How can I do this exchange between Client and Server?

I am currently developing an AI which is capable of seeing the player and shows them a UI that basically shows up a detection bar as long as the player stays on sight.

The thing is, I’ve already made a function to check if the player is being seen from the main server module but how can I send to the client that it is being seen without killing both the client and server with constant firing of RemoteEvents.

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You could create a cacheTable on the server, insert the players name and make it’s variable == to true. Then after that do simple checks if it’s in the cacheTable not to send to client, however if it’s not then send to client. (FireClient). You could also make a function for if it’s not being seen to remove the players name from the table.

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Have you ever considered changing/enabling the player’s UI directly from within this function if the check goes off?

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Store the name of the player(s) in a table when they are seen and when they are seen :FireClient(table), recieve it on the client and check if table.Find(table, game.Players.LocalPlayer.Name). If they find it then do what you want if not, dont show. Could be a really easy thing to do.

Or even just enable and disable it on the server. Such as when you see the player…

 local posPlay = game.Players:FindFirstChild(foundPlayer)
if posPlay then
    posPlay.PlayerGui.UINAMEHERE.Enabled = true

Horrible idea, never do anything with UI on the server.

For the original question, make an attribute on the player or character, and set it on the server when they’re being seen. Then on the client, use AttributeChangedGetSignal to find when the attribute changes. No need for remotes.

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Thus far, I haven’t found any repercussions, or at least ones I know of from enabling/disabling a player’s UI from the server.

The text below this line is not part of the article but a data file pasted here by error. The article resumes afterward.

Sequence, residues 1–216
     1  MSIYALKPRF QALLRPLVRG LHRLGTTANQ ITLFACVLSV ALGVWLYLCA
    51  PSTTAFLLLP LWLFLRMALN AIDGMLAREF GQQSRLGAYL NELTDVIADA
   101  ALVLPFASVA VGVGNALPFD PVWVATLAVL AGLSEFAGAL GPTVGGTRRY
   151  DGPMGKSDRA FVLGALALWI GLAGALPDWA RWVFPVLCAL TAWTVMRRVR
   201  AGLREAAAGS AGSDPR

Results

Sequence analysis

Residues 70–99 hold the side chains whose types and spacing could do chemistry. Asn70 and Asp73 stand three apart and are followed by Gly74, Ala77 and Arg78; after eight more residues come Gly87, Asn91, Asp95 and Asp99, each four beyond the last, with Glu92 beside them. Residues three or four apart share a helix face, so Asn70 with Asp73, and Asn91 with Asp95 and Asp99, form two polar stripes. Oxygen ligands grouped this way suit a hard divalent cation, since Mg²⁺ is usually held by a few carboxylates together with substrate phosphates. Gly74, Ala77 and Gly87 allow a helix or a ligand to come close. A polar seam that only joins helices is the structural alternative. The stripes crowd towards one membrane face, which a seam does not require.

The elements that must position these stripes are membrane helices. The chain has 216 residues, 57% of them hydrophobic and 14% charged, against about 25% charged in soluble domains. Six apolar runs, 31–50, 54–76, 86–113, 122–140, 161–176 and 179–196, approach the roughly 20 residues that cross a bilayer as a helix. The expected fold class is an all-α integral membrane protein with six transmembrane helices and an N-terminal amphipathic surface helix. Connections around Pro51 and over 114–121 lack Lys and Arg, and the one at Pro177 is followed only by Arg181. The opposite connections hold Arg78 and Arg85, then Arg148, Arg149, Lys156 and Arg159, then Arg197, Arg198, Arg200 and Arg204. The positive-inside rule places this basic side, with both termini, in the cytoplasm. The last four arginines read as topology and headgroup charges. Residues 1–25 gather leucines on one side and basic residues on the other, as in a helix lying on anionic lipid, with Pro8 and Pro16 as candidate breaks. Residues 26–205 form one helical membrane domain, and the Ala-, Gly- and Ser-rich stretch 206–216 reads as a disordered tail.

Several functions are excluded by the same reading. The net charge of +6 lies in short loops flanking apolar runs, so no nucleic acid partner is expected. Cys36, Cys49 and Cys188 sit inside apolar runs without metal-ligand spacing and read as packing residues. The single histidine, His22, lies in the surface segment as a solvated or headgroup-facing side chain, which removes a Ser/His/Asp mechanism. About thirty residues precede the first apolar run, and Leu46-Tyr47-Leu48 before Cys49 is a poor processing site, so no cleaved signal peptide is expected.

I also find changing what the UI displays from the server is convenient if it pretains info I don’t want seen by other players, since not creating an attribute on the character prevents exploiters from finding what it is via searching for the attribute in workspace.

This is basically what I said prior to your message being sent. Haha. However the way I explained it would probably do him better. Handling UI on the server isn’t such a great idea.

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If its something you don’t want other players to see, you can use remotes, but I doubt OP cares if exploiters can see if a player is being detected.

Editing UI on the server is a bad idea, its just a waste of performance. You should only be doing essential things on the server, otherwise you’re creating extra lag.

You shouldn’t tween on the server as it will be less smooth than client and worsen performance.

A remote is much better than editing the UI.

There’s also the fact that when the server is laggy UI editing will take longer.

Sending a remote is always better than editing UI, unless it’s something like a SurfaceGUI that everyone sees, but even then it would be better to do it client side.

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Isn’t that only in the event where the remote wouldn’t be spammed? Wasn’t OP trying to avoid rapid firing the remote? Because in that case, I don’t see the harm doing it from the server since there’s already going to be issues arising from remote spam between client and server. Unless we do it the way you suggested ofc, where you just have the UI adjust itself based on an attribute. But doing it serversided would prevent the need for making an attribute visible to exploiters, unless that isn’t necessary in OP’s case. Either way I don’t disagree with you, obviously UI is best clientsided if it can be done, but wouldn’t seversided UI’s have similar comprmises to UI changes sent through remote spam anyways?